The Race To Rewire Poland
From foreign investors such as French hypermarket Auchan to local dwellers of Gdansk, residents of Poland are fed up with their phone system. More than 1 million are waiting to get hooked up for service by the state-owned former monopoly, Telekomunikacja Polska (TPSA). Even for business customers, repairs of faulty lines can take days. That's why 190,000 customers, including 40,000 businesses, have abandoned TPSA for Netia Holdings--a tiny, unprofitable telecom provider that is TPSA's biggest rival. Says Auchan's information-technology director, Laurent Villain: "Any problem I have, Netia tries to find a solution. That was far from the case with TPSA."
Now, Netia--along with other, even smaller rivals--is gearing up for an explosion in competition. Poland is heading for full telecom deregulation after selling more than 100 local phone licenses to TPSA rivals since 1996. By yearend, the government expects to auction at least two licenses for long-distance providers to compete with TPSA. It also aims to sell up to 35% in TPSA to a foreign investor, probably either France Telecom or SBC Communications, based in San Antonio, Tex. Under World Trade Organization rules, Poland must open its telecom market to full-fledged competition by 2003. But "we believe it will happen much faster," says Netia's CEO, Meir Srebernik, a 40-year-old Israeli.
Netia is taking an expensive, high-risk gamble to grab market share. Already in debt to the tune of $600 million, Netia became the first Polish company to raise capital on Nasdaq on July 29. The $138 million in proceeds from the initial public offering will go toward completing a sophisticated fiber-optic network linking 10 Polish cities by the end of next year. Srebernik wants to offer top-of-the-line voice and data-communications services to snatch high-paying business customers from TPSA before a foreign partner gets the chance to turn the ex-monopoly around. He also wants to lease excess capacity on the network to other new players.
The goal: to gain about 8% of Poland's market for fixed-line phones by 2003, and 20% by 2008. "We are at the beginning of tremendous growth, as long as we are better than TPSA and avoid mistakes," says Andrzej Radziminski, Netia's 56-year-old founder and a member of its supervisory board. The potential is great, he says, because Poland has only 22 phone lines for every 100 inhabitants, compared with 55 in Germany and 94 in the U.S. On top of that, mobile-phone use is surging. Netia isn't in that business yet, but it's keeping an eye out for a strategic partner.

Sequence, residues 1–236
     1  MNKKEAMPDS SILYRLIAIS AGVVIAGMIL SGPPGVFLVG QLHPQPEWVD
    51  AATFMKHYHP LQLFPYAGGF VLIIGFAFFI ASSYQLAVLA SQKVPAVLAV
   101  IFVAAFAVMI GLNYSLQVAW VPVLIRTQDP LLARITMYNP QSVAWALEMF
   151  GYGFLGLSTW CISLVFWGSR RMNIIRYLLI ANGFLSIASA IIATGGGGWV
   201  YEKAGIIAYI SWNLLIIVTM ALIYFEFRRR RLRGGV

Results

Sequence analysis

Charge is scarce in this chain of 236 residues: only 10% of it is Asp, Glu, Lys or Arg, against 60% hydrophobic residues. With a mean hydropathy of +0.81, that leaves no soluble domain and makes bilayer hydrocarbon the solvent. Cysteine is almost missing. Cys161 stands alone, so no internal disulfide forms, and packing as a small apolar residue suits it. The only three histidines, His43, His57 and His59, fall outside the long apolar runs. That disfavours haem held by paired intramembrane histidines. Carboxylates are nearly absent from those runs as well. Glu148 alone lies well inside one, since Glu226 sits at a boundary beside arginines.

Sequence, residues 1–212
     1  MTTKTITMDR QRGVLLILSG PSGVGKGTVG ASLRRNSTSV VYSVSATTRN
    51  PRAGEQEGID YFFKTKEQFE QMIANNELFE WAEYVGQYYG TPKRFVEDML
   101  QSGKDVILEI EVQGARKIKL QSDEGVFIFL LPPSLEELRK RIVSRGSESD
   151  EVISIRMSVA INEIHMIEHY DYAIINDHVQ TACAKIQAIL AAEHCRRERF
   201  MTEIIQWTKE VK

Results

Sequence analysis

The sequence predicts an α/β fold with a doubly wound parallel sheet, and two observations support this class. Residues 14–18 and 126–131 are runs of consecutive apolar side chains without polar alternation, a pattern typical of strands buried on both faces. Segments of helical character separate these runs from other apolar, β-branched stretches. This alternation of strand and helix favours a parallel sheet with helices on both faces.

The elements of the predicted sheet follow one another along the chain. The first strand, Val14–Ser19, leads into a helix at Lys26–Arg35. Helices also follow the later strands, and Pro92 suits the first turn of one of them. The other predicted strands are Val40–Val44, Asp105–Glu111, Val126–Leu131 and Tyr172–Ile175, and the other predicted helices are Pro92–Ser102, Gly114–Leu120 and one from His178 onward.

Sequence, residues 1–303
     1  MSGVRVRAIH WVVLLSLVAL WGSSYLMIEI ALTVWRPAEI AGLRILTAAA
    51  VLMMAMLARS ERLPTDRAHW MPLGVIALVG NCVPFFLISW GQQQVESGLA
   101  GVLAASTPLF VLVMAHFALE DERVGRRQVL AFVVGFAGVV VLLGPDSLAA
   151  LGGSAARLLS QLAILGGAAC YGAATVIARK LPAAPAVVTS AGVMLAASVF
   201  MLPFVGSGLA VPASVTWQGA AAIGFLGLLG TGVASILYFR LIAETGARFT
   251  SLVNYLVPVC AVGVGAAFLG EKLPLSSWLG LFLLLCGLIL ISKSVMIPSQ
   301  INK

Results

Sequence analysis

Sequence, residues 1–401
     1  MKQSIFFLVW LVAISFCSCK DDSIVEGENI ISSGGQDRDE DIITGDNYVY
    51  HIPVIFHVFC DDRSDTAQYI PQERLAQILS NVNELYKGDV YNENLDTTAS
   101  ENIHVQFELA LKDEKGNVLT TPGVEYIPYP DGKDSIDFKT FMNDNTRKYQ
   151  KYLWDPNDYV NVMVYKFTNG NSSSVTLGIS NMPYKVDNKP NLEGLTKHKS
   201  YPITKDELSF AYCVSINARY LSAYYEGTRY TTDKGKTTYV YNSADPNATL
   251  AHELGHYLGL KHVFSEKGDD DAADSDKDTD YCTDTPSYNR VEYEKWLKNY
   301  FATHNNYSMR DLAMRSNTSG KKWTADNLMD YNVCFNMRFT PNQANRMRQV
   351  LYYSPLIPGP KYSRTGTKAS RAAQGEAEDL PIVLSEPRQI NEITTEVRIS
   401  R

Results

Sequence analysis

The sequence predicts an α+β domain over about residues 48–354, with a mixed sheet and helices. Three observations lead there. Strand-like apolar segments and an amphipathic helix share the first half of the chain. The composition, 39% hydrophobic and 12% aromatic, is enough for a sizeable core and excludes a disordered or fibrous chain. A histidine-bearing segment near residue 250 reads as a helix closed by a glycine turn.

KEY STEP. The hard part will be earning enough income to finance expansion and pay down debt. Netia lost $58.6 million on revenues of $34.4 million in 1998, and probably won't return to the black for three more years, concedes Srebernik. But he predicts that sales will double this year, with operating profits kicking in by yearend. Winning a domestic long-distance license is crucial. Netia can't make money on local calls, which bring in less than 3 cents per minute, but domestic long distance gets up to 22 cents a minute. Says Pawel Zach, a senior research analyst for Citibank in Warsaw: "The only chance for Netia to be profitable is for it to get a long-distance license."
Netia will also have to fend off a raft of other upstarts. One is Elektrim, a Socialist-era conglomerate now remaking itself under an American-born CEO, Barbara Lundberg. Elektrim's new telecom unit recently dealt a blow to Netia by winning the government's tender for a license to provide local service in Warsaw. Most analysts expect Netia and Elektrim to go head-to-head over long distance as well.
However the battle plays out, Poland's telecom market is another example of the country's openness to foreign investment in the post-communist era. Sweden's telecom giant, Telia, Israel's Dankner Group, and E.M. Warburg, Pincus & Co. are all investors in Netia. Dankner brought in Srebernik, formerly its telecom vice-president, as CEO.
With their deep pockets, Netia's investors are betting that the fiber-optic network will give it a formidable position as No. 2 to TPSA. Poland's long-suffering phone customers can hardly wait.
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